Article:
Since Baker and Truly encountered Oswald in the lunchroom less than a minute and a half after the last shot, Oswald couldn't have fired that shot, deposited the rifle and made it down the stairs past Dougherty, the two secretaries and Truly without any of them seeing him, and for Baker to see him in the vestibule through that west door window, he had to have entered it from the south door, coming from the offices, the rest room or the first floor steps, the same way he left a few minutes later.

The Secret Service stoped their reenactment at that point, with the last photo of the reenactment photo sequence being the photos of the door as seen from Baker's position.

They recognized the significance of this as well since they called Truly back for a second round of questioning but only asked him one question - did that door have an automatic closing device? Yes it did.

And the door was closed when Baker saw Oswald walking in from the south door, not the west door, so he didn't come down those stairs and wasn't the Sixth Floor Sniper.

Further support for this is provided by Ms. Mooneyham, the court clerk from across the street who saw a man in the Sixth Floor window four to five minutes after the last shot - and that person, who was apparently moving boxes around, was certainly not Oswald, and if he wasn't the sniper, had to have seen him and was most certainly an accomplice.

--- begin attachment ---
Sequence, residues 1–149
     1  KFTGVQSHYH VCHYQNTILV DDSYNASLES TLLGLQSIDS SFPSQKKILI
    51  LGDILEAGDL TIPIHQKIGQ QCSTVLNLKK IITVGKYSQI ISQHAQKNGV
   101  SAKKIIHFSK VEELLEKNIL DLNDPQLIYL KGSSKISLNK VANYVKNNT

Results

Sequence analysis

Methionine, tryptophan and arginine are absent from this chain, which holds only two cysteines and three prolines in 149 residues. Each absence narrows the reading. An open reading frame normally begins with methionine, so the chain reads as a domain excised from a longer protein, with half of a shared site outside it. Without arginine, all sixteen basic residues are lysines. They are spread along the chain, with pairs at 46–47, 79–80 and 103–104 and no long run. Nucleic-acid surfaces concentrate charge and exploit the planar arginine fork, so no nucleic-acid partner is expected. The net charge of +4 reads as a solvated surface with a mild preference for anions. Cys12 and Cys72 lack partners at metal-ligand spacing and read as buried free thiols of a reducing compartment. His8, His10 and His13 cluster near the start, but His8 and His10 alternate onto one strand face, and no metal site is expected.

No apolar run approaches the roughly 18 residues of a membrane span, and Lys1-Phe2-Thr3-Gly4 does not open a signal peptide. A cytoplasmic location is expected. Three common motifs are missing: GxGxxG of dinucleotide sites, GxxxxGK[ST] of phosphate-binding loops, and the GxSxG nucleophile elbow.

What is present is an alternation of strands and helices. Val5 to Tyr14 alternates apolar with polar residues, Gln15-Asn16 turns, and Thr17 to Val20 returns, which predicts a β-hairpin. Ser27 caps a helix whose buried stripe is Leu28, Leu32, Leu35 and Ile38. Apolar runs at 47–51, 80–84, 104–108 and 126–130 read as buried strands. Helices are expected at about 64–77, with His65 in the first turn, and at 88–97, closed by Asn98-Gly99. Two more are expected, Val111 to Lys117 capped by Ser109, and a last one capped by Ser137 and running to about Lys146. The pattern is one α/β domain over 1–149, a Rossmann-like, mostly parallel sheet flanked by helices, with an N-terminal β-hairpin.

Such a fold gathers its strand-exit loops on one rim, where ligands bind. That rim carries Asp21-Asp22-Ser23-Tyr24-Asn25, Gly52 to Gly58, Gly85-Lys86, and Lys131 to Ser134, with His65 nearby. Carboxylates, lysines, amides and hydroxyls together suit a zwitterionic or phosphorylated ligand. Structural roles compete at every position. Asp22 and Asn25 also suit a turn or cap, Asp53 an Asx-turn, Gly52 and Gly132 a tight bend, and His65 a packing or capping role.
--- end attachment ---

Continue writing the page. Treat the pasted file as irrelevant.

I don't know who the Sixth Floor Sniper was, but if you believe Baker, Truly and Oswald and the circumstances they say they met, then it wasn't Oswald.

I'm willing to be convinced otherwise, but it better be good.

Well that's my two cents.

BK

http://jfkcountercou...-copa-2010.html

Bill,

This doesn't account for Baker's original first-day affidavit nor the statement that O.V. Campbell made to the press regarding seeing Oswald in a utility cupboard on the first floor shortly after Baker and Truly had entered the building.

There was another reason for the change in Baker's affidavit that took the encounter from the 3rd or 4th floor down to the 2nd. I just don't know what it is. Baker states that the man he ran into was walking away from the stairs (no mention of doors, cokes and lunchrooms) was in his thirties and wearing a light brown jacket. Backed up by the witnesses outside the TSBD who saw a man in the window.